Brick Township Finally Gets Sandy Payment For Traders Cove

Traders Cove today is rebuilt and filled to capacity with boats. (Photo by Judy Smestad-Nunn)

  BRICK – It has taken more than eight years, but the Federal Emergency Management Agency (FEMA) has awarded the township $1,136,867 to pay for repairs at Traders Cove Marina, which was undergoing reconstruction when 14-foot waves and wind from Superstorm Sandy destroyed docks there and an electrical shed that housed the transformer and other electrical components.

  U.S. Senators Bob Menendez and Cory Booker announced a combined $9,218,987 in FEMA funding to support two Sandy-related repair and mitigation projects in Ocean and Monmouth Counties.

  “This vital federal funding will help bring our state one step closer to full recovery from Superstorm Sandy, which devastated the Jersey Shore over eight years ago,” said Senator Menendez.

  “It’s absolutely critical that we continue investing in resiliency and mitigation projects so that New Jersey’s families, businesses and communities are better prepared and can withstand future natural disasters,” he said.

This photo was taken after Superstorm Sandy devastated the Traders Cove docks. (Photo courtesy Dockmaster Kevin Burdge)

  The grant to repair Traders Cove Marina represents the final installment of federal funding to complete all the repairs and mitigation work at the township marina and park.

  Traders Cove was purchased by the township in 2005 to stop the development of high-density condominiums.

  At the time, the boatyard was known as the “Boat Graveyard,” since the overgrown property was filled with old and abandoned wooden boats, and only 30-40 usable boat slips out of about 100, said dockmaster Kevin Burdge, who was the first township employee hired at the marina in 2009.

  “There were people living in some of the boats on the land,” he said from the marina recently. “Supposedly, they paid the owner to live on the boats.”

  As soon as the township took over the marina, Burdge and Dan Santaniello (who is currently the township’s Director of Recreation) were tasked with finding titles to the boats and getting rid of the ones that were abandoned.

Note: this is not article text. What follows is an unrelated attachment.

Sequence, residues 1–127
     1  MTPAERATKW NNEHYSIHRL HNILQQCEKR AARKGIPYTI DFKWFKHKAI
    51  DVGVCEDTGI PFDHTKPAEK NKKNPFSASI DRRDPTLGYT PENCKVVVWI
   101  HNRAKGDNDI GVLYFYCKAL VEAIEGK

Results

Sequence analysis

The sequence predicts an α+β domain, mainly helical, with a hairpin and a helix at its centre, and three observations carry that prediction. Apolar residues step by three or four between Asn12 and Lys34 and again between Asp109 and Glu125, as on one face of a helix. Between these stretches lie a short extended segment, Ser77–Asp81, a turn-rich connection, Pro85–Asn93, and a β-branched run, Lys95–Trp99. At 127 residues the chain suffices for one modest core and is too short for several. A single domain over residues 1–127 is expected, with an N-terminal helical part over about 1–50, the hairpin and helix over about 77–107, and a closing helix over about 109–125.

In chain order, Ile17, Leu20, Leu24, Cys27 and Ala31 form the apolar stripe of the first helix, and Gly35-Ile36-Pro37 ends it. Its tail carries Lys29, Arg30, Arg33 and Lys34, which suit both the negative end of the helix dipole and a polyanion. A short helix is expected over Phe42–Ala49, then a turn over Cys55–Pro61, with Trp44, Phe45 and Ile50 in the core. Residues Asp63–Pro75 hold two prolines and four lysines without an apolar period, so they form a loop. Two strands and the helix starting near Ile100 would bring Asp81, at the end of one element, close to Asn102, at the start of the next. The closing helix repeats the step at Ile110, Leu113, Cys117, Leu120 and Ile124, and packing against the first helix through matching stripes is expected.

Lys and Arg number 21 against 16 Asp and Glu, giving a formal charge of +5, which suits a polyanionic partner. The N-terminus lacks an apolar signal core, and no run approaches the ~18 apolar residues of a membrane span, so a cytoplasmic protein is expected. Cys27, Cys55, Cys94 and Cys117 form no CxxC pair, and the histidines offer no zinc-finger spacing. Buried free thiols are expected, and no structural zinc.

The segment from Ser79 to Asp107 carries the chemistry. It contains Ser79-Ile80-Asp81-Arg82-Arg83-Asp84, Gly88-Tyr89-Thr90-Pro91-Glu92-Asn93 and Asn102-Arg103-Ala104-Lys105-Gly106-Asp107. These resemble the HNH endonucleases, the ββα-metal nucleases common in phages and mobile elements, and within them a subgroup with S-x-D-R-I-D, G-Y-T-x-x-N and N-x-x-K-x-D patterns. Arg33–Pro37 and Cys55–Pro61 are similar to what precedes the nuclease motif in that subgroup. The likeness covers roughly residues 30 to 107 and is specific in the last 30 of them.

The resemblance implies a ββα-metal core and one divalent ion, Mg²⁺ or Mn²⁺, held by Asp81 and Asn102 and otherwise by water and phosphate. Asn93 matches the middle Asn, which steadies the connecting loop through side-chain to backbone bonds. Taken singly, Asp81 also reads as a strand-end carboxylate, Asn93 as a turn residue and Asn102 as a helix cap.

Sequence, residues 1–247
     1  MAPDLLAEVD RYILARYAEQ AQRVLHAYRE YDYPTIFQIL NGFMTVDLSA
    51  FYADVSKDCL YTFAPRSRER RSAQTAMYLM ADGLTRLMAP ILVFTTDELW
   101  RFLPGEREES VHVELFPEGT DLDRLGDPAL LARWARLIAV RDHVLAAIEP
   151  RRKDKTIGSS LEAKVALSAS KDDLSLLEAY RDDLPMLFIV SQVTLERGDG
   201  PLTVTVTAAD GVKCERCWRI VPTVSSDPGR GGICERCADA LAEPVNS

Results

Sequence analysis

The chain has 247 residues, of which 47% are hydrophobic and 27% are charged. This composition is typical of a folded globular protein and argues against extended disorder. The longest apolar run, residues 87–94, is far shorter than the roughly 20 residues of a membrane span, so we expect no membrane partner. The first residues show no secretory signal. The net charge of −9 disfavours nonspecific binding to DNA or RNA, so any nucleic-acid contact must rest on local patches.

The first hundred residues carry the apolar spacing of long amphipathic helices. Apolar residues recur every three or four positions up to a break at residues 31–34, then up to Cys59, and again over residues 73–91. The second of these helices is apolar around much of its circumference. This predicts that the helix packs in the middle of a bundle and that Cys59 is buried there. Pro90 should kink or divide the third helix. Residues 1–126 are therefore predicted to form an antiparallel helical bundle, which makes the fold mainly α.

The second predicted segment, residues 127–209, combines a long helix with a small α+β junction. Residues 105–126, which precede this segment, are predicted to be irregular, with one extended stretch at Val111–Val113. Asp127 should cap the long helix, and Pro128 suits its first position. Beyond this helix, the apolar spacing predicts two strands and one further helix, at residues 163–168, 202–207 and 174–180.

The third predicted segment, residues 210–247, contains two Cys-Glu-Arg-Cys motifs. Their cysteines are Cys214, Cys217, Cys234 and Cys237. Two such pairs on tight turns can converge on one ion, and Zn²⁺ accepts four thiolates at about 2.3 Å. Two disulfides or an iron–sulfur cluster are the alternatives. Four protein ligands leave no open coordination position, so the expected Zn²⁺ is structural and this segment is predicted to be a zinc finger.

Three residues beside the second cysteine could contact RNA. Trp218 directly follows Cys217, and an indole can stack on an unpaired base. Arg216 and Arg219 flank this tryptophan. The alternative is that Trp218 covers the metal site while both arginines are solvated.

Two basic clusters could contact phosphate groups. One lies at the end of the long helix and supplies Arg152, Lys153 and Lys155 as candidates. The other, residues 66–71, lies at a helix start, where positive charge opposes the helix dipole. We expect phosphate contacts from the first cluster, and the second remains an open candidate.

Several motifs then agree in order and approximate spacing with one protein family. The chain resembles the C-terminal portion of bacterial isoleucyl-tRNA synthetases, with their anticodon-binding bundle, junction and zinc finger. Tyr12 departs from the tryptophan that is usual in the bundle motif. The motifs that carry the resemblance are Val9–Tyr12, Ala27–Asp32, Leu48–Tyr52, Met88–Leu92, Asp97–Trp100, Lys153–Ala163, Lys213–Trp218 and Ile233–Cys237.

“We crushed up 16 boats, and we sold some of them on,” Burdge recalled. “We ran the marina with the usable old slips and rented those out. The slips were narrow because people mostly had skiffs.”

  By 2010, the men had the site cleared of overgrown grass using brush hogs and heavy machinery, and they operated the marina as best they could, Burge said.

  Construction on the first two of three phases for the new township marina and park had already begun when Sandy hit on October 29, 2012.

Photo by Judy Smestad-Nunn

  The new construction, which consisted of a playground, boardwalk areas and the marina office fared pretty well, but the old docks were completely destroyed, the decking came apart, and the pilings snapped at the waterline, Burdge said.

  The debris from 10 homes in Mantoloking landed in the boat yard. “You couldn’t even see the ground,” Burdge said. “It was unbelievable.”

  In the aftermath of Sandy, the marina grounds became a staging area for Sandy contractors to check in before heading over to the barrier island.

Traders Cove is used by recreational boaters, and Brick Police have their boat there as well. (Photo by Judy Smestad-Nunn)

  After about a year, work began on the final and third phase at Traders Cove, which included construction of new docks and boat slips.

  There are currently 110 boat slips, four docks, 16 transient slips, 24 jet ski docks and a boat ramp. All the slips are full and the yard is at maximum capacity for winter storage. The marina runs with just two full-time employees and four seasonal employees in the summer, who are all retirees, Burdge said.